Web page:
On the other hand, if I was actually in a horrible accident with that person and saw them receive a massive trauma to their head, I would tend not to want proof that they were truly unconscious in that hospital bed. In fact, I would consider someone poking around at their fingertips rather disrespectful, even though I would be convinced that there would, in fact, be no response. The difference is whether or not I believe the coma is real.
Now what about miracles and signs? That’s where we turn to today’s First Lesson. That’s the actual text for today, not John 6. I just wanted you to see how common this theme is to various texts in Scripture, and how key it is to understanding what was really going on in the crowd we’ve been hearing about all this time.
But now to Exodus. Really, these few verses are a picture for how the whole Exodus from Egypt went. God performed miracle after miracle for Pharaoh, but it always seemed to take just a little more to convince him. Even when his heart was actually broken in two by the loss of his own firstborn child at the first Passover, he still ultimately hardened his heart and chased the Israelites down to the Red Sea in order to bring them back again as slaves!
Yet even a heart that hard still asks for proof, still asks for miracles. The Lord not only knows this as a general fact, but he specifically predicted it in Pharaoh’s case. He knew that Pharaoh’s hard heart would demand a miracle, even though he not only did not believe but also would not believe, no matter what miracle was ultimately performed in his presence. He told Moses this.
And before you think, “Well, his magicians were able to do the same thing with their staffs,” think again. Moses’ words describe these guys as Las-Vegas-style illusionists at best and practitioners of satanic arts at their worst. However, even the most gullible and deluded among them would know the difference between what Aaron did by the power of the Almighty God and what Pharaoh’s magicians did, because Aaron’s staff made a meal out of theirs! And don’t forget, either, that there were many miracles done during the days of the ten plagues in Egypt that even Pharaoh’s clever magicians couldn’t imitate.
Now, are we supposed to learn something from this other than what is wrong with the hearts of other people who are not interested in coming to hear God’s Word in church? We surely are, especially if we think that this illustrates something that is only wrong in other people’s hearts!
Consider, for instance, that voice that we so naturally hear as we read John 6, that voice that wants to give God advice, to tell God what he hasn’t yet tried that would surely turn more people to faith in him. We’ve all heard it in one form or another, and you need to realize that such a voice does not speak from the living heart of faith that God provides us through baptism and the hearing of the gospel. Such a voice come from the calloused, superstitious and faithless hearts of our old, sinful natures.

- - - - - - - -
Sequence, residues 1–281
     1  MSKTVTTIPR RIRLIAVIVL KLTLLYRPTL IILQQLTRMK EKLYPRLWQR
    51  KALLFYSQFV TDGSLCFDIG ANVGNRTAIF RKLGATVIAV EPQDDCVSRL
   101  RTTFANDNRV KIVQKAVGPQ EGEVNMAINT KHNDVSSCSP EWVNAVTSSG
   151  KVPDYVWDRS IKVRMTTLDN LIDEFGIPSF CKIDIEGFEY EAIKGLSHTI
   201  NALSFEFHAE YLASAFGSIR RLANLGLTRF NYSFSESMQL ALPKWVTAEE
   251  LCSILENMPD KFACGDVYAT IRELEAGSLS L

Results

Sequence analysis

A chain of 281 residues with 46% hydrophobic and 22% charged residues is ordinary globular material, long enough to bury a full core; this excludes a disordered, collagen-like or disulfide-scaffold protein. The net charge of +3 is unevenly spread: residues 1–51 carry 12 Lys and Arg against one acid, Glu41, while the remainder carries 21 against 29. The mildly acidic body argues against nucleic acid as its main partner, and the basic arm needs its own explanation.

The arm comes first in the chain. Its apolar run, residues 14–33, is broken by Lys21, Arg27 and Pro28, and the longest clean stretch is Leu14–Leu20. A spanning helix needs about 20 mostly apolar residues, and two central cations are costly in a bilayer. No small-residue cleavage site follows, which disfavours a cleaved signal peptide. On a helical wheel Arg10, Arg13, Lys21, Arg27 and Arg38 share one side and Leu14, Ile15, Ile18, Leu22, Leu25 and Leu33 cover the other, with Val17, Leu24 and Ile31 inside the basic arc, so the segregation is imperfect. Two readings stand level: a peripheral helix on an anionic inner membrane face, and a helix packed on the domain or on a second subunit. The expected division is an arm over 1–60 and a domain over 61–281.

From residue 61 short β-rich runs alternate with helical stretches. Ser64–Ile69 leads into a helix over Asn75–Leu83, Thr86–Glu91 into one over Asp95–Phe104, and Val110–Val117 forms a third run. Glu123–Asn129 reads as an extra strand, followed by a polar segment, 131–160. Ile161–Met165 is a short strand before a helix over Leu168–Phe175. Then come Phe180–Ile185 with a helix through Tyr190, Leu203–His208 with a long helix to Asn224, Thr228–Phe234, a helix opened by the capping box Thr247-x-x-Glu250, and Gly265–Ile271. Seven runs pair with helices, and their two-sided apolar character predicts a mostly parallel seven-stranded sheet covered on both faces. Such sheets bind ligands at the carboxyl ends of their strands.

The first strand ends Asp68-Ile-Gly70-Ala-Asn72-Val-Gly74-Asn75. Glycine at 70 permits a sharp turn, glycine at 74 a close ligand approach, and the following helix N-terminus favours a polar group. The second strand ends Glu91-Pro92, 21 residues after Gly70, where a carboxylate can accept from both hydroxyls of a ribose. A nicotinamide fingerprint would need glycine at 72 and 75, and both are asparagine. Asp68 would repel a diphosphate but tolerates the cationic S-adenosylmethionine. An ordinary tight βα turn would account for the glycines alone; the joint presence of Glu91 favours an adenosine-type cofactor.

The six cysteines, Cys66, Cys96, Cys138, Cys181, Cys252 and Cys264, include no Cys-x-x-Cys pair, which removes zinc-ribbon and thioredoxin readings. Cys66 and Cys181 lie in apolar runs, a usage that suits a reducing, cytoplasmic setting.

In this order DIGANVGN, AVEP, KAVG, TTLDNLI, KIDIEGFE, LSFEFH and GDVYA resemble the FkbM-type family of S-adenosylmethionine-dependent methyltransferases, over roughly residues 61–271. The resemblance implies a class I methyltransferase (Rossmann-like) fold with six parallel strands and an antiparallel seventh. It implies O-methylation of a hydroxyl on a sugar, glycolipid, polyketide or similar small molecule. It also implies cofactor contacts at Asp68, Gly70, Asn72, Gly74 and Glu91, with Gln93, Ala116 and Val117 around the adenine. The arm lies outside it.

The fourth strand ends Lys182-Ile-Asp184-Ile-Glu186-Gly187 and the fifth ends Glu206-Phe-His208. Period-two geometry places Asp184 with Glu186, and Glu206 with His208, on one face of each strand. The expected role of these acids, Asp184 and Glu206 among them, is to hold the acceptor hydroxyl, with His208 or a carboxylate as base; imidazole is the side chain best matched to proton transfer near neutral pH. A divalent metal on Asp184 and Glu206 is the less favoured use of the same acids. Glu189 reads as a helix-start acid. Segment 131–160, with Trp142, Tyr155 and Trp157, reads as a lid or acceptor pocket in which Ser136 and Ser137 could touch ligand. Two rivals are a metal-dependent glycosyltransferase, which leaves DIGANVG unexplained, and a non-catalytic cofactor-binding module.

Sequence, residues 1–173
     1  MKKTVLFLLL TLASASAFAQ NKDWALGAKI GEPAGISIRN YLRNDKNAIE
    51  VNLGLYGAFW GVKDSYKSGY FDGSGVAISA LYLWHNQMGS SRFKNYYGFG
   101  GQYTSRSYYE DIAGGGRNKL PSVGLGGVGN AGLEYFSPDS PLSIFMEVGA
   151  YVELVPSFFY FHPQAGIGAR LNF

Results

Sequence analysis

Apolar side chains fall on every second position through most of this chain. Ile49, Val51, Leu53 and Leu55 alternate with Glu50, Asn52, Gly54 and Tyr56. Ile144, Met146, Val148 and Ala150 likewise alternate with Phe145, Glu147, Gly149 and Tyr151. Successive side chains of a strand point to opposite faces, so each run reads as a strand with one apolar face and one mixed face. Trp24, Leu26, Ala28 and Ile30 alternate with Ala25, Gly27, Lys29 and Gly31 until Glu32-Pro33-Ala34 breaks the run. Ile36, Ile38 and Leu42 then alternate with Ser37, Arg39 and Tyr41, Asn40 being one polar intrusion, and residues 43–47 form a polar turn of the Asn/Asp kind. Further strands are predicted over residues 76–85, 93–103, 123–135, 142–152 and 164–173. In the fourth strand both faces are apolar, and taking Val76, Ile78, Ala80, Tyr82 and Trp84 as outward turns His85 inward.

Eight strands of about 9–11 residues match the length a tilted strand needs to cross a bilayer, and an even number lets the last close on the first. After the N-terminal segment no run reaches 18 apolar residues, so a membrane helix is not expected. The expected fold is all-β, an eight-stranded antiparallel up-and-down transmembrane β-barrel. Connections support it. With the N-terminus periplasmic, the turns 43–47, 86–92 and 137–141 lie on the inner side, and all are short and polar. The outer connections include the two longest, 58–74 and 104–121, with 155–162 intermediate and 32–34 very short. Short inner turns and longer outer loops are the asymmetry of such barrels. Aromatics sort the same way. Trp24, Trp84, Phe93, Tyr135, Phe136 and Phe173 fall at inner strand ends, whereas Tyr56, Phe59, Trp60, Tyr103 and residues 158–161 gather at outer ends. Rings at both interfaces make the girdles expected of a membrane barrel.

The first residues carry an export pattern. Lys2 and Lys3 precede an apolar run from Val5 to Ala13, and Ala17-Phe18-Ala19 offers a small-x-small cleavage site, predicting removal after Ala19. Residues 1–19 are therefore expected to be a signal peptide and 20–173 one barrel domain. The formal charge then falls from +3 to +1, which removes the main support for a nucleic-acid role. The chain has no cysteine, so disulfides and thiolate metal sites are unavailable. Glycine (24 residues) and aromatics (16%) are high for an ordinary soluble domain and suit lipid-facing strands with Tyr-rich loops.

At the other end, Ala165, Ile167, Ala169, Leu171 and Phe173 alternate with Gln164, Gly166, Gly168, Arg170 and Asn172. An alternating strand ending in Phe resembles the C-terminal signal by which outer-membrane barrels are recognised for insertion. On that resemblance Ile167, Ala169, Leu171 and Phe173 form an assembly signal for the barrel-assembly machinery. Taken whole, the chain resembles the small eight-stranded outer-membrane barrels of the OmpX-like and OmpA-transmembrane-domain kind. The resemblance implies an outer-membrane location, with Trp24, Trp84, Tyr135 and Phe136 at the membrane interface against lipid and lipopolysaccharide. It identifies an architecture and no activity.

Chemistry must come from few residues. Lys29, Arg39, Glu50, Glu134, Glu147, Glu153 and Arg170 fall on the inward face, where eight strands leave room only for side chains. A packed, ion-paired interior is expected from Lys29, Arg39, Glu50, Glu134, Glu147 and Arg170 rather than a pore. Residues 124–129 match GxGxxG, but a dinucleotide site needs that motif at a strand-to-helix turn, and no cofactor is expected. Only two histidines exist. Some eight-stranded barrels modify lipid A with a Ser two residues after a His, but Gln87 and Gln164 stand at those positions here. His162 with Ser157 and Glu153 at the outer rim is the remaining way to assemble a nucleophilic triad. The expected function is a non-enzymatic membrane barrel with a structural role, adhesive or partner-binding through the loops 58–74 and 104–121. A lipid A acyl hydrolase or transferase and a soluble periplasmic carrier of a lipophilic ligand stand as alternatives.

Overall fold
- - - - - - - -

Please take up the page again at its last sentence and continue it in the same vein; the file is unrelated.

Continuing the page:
Not only does that voice that wants to correct God’s ways speak up when we read something like John 6, but it also speaks up whenever we become frustrated with the lack of growth that the church demonstrates—or when we are impressed with the growth that false teachers experience as they employ means other than the gospel to draw people in. A concern for the church that desires to do God’s work in ways other than those that God himself has ordained does not speak from the new heart of faith, no matter how much it clamors about the glory of God and the salvation of the lost! Will not God save his people, and will he not do it without being faithless toward his own Word?
Pay special heed to the voice of God revealed in his Word, brothers and sisters, for this is the only way to recognize the deceit of the hardened heart. The new life within you does not question God’s ways nor believe that any evil or faithless thing must be done in order to accomplish what is good. Repent today of faithless thoughts and considerations and demand not from God what he grants freely where and when it pleases him—especially when you know full well from his Word that what pleases him is your rich blessing and the salvation of everyone!
Here again the ministry and cross of Christ come to our rescue. In his life and death we see the depth of his love and the reach of his healing power—and that with no need of any help or advice from the like of us! Even more importantly, we see in his work here on earth and in the miracle of his resurrection our forgiveness, our new life and the very heart of our God who obviously desires to show love even to stubborn, weak and faithless people like us!
Leave empty and foolish demands behind. Our God knows our need and supplies our salvation for his name’s sake. Amen.
Pentecost 14 Hard Hearts Demand Miracles September 6, 2009
Pastor Aaron C. Frey Exodus 7:8-13